The 3 currently available tumor necrosis factor α (TNFα) blocking agents are a soluble receptor fusion protein (etanercept), a humanized mouse monoclonal antibody (infliximab), and a fully human monoclonal antibody (adalimumab). All of these agents are highly effective in the treatment of rheumatoid arthritis and other inflammatory diseases, including ankylosing spondylitis (AS), psoriatic arthritis, and psoriasis vulgaris (1). They have been used in refractory sarcoidosis, with different results. Whereas infliximab, the more widely used agent in this entity, has demonstrated clear efficacy in this disease (2, 3), the results with etanercept were generally disappointing (2, 4), although in isolated cases etanercept was shown to be effective (5, 6). Reported experiences with adalimumab in sarcoidosis, although encouraging, are very scarce.
Recently, the development of several syndromes characterized by granuloma formation has been reported in patients receiving TNFα blocking therapy for a variety of diseases. Except for one patient treated with adalimumab (7), the remaining patients were treated with etanercept (8–14). We describe a patient diagnosed with AS who developed a granulomatous syndrome consistent with sarcoidosis while being treated with etanercept.
A 70-year-old man was diagnosed with AS in our rheumatology clinic in 1995. He reported having inflammatory low spinal pain for several years as well as arthritis of the wrists, knees, ankles, and several metacarpophalangeal, interphalangeal, and metatarsophalangeal joints. In addition, he had grade III bilateral sacroiliitis and was HLA–B27 positive; rheumatoid factor and antinuclear antibodies were negative. He was treated with various nonsteroidal antiinflammatory drugs (NSAIDs) and low-dose prednisone (10 mg/day) in addition to sulfasalazine (up to 3 gm/day) followed by methotrexate (up to 20 mg/week). After initial improvement, the patient repeatedly had a relapse of AS symptoms with increased low back pain, peripheral arthritis, and raised acute-phase reactant levels.
In August 2002, due to persistent clinical activity with increased acute-phase reactant levels (erythrocyte sedimentation rate [ESR] of 62 mm/hour [Westergren] and C-reactive protein level of 2.8 mg/dl [normal value <0.5 mg/dl]), treatment with etanercept (25 mg twice weekly) was started. Following our national guidelines to exclude latent tuberculous infection (15), a purified protein derivative (PPD) skin test and a chest radiograph performed prior to etanercept therapy were negative and normal, respectively. Two months later the patient was clinically asymptomatic and acute-phase reactant levels were normal.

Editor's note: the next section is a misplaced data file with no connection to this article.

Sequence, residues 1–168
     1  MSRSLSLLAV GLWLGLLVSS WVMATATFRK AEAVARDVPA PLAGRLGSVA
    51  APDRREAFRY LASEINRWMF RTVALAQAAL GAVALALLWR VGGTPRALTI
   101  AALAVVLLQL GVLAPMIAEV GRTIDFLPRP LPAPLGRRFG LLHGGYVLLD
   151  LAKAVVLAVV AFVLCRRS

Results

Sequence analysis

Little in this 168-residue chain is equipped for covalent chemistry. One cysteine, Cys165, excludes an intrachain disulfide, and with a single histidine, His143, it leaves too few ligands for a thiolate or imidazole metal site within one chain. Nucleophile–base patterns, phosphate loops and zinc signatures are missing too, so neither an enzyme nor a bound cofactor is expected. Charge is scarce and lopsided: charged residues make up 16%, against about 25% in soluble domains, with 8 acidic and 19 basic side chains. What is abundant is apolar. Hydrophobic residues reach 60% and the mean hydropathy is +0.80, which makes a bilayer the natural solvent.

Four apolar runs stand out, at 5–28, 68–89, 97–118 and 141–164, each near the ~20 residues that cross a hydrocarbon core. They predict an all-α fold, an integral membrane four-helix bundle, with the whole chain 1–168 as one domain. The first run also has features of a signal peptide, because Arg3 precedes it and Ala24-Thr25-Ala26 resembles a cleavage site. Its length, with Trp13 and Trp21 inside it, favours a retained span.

In June 2004, after 21 months of etanercept therapy and while asymptomatic, the patient reported a 6-week history of skin lesions on his face. Physical examination disclosed 3 firm, nontender, red-brown nodular lesions ranging in size from 1 cm to 1.5 cm, located on the forehead, right eyebrow, and the nasolabial area (Figure 1). Diascopy of the nodules showed the appearance of an apple-jelly color. No other lesions were present on the skin or mucosa. There were no superficial lymphadenopathies or hepatosplenomegaly.
A skin biopsy was performed. The histopathologic study demonstrated numerous noncaseating granuloma of the sarcoidal type extending through the entire thickness of the dermis (Figure 2). Polarizing microscopy for foreign body evaluation; tissue stains; and bacteria, fungus, and mycobacterium cultures, as well as polymerase chain reaction for Mycobacterium tuberculosis were all negative. A chest radiograph and a computed tomography of the thorax revealed bilateral hilar and paratracheal adenopathies. A scintigraphy with 67Ga showed increased uptake in the paratracheal and hilar lymph nodes, in both parotid glands, and in the right lachrymal gland. Pulmonary function tests were normal and a new PPD skin test was again negative; the angiotensin-converting enzyme (ACE) level was mildly elevated at 76 units/ml (reference range 8–52 units/ml) and the ESR was 30 mm/hour. These findings were consistent with the diagnosis of sarcoidosis with skin involvement.
A possible relationship between the development of sarcoidosis and treatment with etanercept was suspected, and etanercept was stopped in August 2004. A rapid improvement of the cutaneous lesions was evident 2 weeks after discontinuation of etanercept, and the lesions spontaneously and completely resolved in 2 months. A reactivation of the patient's AS with an increase in low back pain and peripheral arthritis was then observed, which was treated with intravenous pamidronate (60 mg monthly during 6 months) with a good clinical response. A new chest radiograph in November 2004 showed the disappearance of the intrathoracic lymph nodes, and the ACE levels reverted to normal; a whole-body scintigraphy with 67Ga performed in March 2005 was normal. When the patient was last seen in December 2005, his AS remained controlled with NSAIDs and he did not have any signs or symptoms of sarcoidosis.